Much of this week’s post is excerpted from the first installment of Music Within Reach, but I feel compelled from time to time to remind myself of why I am on a crusade for accessibility in choral music. The following, for me, sums it up.
There is no shortage of stellar choral programs in this country.
Like many of you, I was privileged to attend this year’s National Conference in Minneapolis, where we witnessed at least a couple dozen of the country’s most gifted ensembles from K-12 schools, universities, and churches. Think of how many other fine ensembles must have submitted recordings and were not accepted. Then imagine the number of excellent choirs that perform at divisional and state conferences and other invitational festivals. The wealth of talent we have is thrilling!
I know many people who go to conferences just to watch the concerts, specifically looking for great repertoire. Indeed, I heard and collected so much music at this year’s conference that I would love to be able to program. But much of it will sit on my shelf for a long time. Why? Because much of it is completely inaccessible to the choirs I direct.
Amid all of the truly outstanding choirs out there, I believe there exists a majority of choral programs where great things are happening but which, for one reason or another and often due to circumstances beyond anyone’s control, will probably never be featured at a state or divisional or national conference. Perhaps balance is inconsistent, maybe voices are aging, maybe recruitment is always an issue. Please do not misunderstand me—it is not my wish to label these choirs as if something was wrong with them. Any time people come together to sing in a choir, it is a great thing! But for the purposes of finding repertoire, it can often be a challenge to find high-quality music for your average choir.
Much of the music published today has been commissioned by one of the aforementioned fine choral programs, and, as such, often showcases that ensemble’s talents. Therefore, we see a lot of divisi, wide vocal ranges, and tricky intervals, harmonies, and rhythms that produce highly satisfying effects but which might seem out-of-reach for average singers. It is great music, to be sure, but is often difficult for many of us to program. By the same token, much of the so-called canon of excellent choral music can also be inaccessible to many of our choirs. Much of it requires a large chorus—possibly even increased instrumentation, and improved recordings and higher performance practice standards may intimidate conductors who do not feel their performances of this music can live up to today’s expectations.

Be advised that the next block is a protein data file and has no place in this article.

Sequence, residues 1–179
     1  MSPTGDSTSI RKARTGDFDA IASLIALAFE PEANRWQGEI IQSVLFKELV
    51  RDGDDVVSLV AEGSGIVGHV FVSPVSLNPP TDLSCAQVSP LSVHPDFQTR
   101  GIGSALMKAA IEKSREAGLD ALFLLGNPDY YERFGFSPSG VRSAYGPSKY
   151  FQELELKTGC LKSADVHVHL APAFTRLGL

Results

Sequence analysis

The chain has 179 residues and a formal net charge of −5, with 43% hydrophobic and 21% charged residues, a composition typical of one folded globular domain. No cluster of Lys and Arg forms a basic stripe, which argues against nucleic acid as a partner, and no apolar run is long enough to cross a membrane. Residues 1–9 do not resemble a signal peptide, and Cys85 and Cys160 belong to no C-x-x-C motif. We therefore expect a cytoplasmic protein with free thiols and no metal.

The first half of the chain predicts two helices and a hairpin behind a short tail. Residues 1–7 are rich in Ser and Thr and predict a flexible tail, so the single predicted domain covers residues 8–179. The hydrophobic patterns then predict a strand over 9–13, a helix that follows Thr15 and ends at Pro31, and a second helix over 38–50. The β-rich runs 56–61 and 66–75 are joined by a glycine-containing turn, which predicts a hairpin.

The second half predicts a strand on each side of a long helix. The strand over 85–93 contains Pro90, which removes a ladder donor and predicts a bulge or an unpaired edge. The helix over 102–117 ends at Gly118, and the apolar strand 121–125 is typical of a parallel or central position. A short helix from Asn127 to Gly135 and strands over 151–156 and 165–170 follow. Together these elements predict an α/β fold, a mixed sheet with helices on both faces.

On the other side of the coin, sometimes music published specifically with access in mind can be too simple or not challenge our singers to the extent we would like.
So what is the answer?
Being the conductor of what I feel are lovely and very average choirs (and that is NOT a pejorative!), I have made it my life’s work to identify as much music as I can that is both accessible and musically satisfying. And I am attempting to share some of what I have found with you in these posts. Some of it you may already know, but I also get great satisfaction in finding rarities, so I hope I am able to offer some new ideas as well. I try to highlight music both old and new and in a variety of voicings, languages, and styles. I am always welcome to ideas, so I hope if you have or know a piece that fits the bill you will e-mail it to me at .
Next week, I will feature a couple of newer pieces for single-gender choirs. Stay tuned!
Brandon Moss is a choir director, teacher, and composer/arranger living and working in Central Ohio. He teaches at Central Crossing High School, directs the Chalice Choir at the First Unitarian Universalist Church of Columbus, and serves in leadership roles with the Ohio Choral Directors Association and the Ohio Music Education Association. He is currently working on the Doctor of Musical Arts degree in Conducting at The Ohio State University.